Tuesday, May 21, 2024

ARGENTINA | 03-07-2020 03:37

Cold, windswept and frozen, Buenos Aires returns to isolation

On a chilly winter Wednesday, a lonesome Buenos Aires reverted to the first and most restrictive phase of the quarantine, in a renewed bid to halt the advance of Covid-19.

On a chilly winter Wednesday, a lonesome Buenos Aires reverted to the first and most restrictive phase of the quarantine, in a renewed bid to halt the advance of Covid-19.

The capital and its surroundings are returning to measures first imposed on March 20 and there are many worries that Argentina’s economy, in recession since 2018, will continue to be decimated in the process.

"We haven’t caught coronavirus but over 100 days of pandemic will drive us crazy," commented Mirta Blakoviz, 56, a fashion designer who described herself as "virtually unemployed."

Buses circulating with barely half a dozen passengers and a major collapse in the access routes to the city due to controls marked that first day. The authorities aspire to halving traffic in this stage, which will extend at least until July 17.

Face-masks are obligatory and the authorities have promised to intensify testing and the isolation of those infected.

Until now just over two million travel permits for workers in essential activities have been renewed in the metropolitan area of Buenos Aires (AMBA in its Spanish acronym), whose population of some 14 million people accounts for over 90 percent of the new cases of Covid-19 in Argentina.

City Mayor Horacio Rodríguez Larreta will continue to permit the weekend outings of children in the city but has banned outdoor exercise.  

Accountant Adrián Planes, 40, laments that.

"What interests me about sports is releasing endorphins in order to be able to have that physical fatigue which motivates you afterwards to do other things and changes your mood," he commented.

Although Argentina’s figures show it to have been relatively successful in containing the epidemic, the authorities fear an acceleration of the curve in winter.

Over half of the intensive therapy beds are occupied (50.5 percent nationwide and 55.5 percent in AMBA) but last week the increase in the metropolitan area was 30 percent, according to the Health Ministry.

Claudia Torres counts herself lucky because her tiny shop selling cold meat, bread, edible oils, flour, pasta and wine remains open. But there were few customers last Wednesday. 

"I’ve already had to switch. Beforehand I dedicated myself chiefly to selling pre-packed lunches for the kids in neighbouring schools. But with the classes suspended, I lost all that while now there’s hardly anybody out on the streets so I feel the blow again," she told AFP.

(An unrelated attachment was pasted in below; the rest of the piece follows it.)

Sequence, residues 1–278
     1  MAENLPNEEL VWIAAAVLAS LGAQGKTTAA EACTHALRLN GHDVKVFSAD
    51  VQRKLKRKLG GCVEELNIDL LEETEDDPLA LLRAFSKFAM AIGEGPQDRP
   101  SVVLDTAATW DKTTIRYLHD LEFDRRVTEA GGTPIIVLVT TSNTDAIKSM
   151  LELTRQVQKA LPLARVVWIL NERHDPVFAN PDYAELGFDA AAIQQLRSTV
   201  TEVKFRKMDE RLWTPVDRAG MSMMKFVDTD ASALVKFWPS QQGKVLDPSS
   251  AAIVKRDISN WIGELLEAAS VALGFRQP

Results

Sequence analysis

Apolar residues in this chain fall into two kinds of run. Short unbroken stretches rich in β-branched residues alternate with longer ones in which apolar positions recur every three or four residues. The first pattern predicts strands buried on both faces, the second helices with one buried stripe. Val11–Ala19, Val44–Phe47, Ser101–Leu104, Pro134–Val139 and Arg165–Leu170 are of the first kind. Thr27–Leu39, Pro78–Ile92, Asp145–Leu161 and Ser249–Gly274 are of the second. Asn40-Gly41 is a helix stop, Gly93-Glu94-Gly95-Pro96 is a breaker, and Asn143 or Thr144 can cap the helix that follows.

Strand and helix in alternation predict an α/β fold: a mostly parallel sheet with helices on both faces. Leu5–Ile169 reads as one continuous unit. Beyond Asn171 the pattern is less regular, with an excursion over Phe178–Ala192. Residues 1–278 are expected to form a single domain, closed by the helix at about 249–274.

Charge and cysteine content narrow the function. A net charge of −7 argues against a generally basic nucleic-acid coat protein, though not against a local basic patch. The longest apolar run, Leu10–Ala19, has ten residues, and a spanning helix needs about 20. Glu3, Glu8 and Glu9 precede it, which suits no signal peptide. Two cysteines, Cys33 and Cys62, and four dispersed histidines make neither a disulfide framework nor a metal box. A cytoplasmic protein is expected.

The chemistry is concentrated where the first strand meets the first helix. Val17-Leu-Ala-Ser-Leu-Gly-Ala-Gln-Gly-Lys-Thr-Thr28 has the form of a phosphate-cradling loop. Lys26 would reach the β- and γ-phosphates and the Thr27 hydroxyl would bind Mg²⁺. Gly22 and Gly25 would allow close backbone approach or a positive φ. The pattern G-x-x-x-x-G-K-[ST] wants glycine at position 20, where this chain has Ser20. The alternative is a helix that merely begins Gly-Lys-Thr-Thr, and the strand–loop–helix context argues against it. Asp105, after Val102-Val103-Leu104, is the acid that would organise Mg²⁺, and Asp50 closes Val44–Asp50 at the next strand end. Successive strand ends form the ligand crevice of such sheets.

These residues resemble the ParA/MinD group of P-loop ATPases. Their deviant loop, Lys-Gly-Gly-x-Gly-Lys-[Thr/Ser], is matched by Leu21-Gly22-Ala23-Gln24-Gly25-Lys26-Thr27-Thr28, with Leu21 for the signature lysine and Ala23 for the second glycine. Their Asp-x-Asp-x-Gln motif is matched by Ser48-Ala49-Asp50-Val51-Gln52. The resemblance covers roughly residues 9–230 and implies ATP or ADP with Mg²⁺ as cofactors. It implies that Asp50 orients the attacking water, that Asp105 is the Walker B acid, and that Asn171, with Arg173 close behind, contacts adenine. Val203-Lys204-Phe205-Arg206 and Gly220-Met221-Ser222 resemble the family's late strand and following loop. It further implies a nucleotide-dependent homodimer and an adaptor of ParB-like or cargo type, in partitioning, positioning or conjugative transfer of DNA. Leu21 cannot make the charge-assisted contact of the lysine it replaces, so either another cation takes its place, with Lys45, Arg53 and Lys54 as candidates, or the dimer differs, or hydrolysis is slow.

Over 350,000 shops which had re-opened in AMBA (selling items like garments, footwear, furniture and toys) have had to close down again with the return of the sanitary restrictions allowing only food stores and pharmacies to function.

According to a study by the Federación de Comercio e Industria de la Ciudad de Buenos Aires (Fecoba), at least 18 percent of the 110,000 shops in the Federal Capital have closed down for good since the pandemic began.

Activities in hotels, gyms, car washes and hairdressers have not been authorised until now while restaurants are only permitted delivery.

With other activities halted like construction, Gross Domestic Product plunged 26.4 percent in April, the strictest month of quarantine. The International Monetary Fund forecasts a slump of 9.9 percent this year for Argentina, placing it among the most affected by the worldwide debacle.

President Alberto Fernández responds to the bad data by insisting that the care of health is primordial.

"The economy is deteriorating but it will recover, what we’re not going to recover are those 1,000 Argentines who have left us,” he said on June 26 when announcing the return of the restrictions.

In Villa 31, one of the capital’s shantytown neighbourhoods (where Covid-19 cases approach five digits while the deaths are close to three digits), Mercedes begs for the disease to be over. In domestic service and the mother of an adolescent, she has not worked for over three months.

"There were many cases in this barrio but not now. Now we all use face-masks because now they believe that the disease is for real. If we carry on like this, we’ll be able to get out soon," she said.


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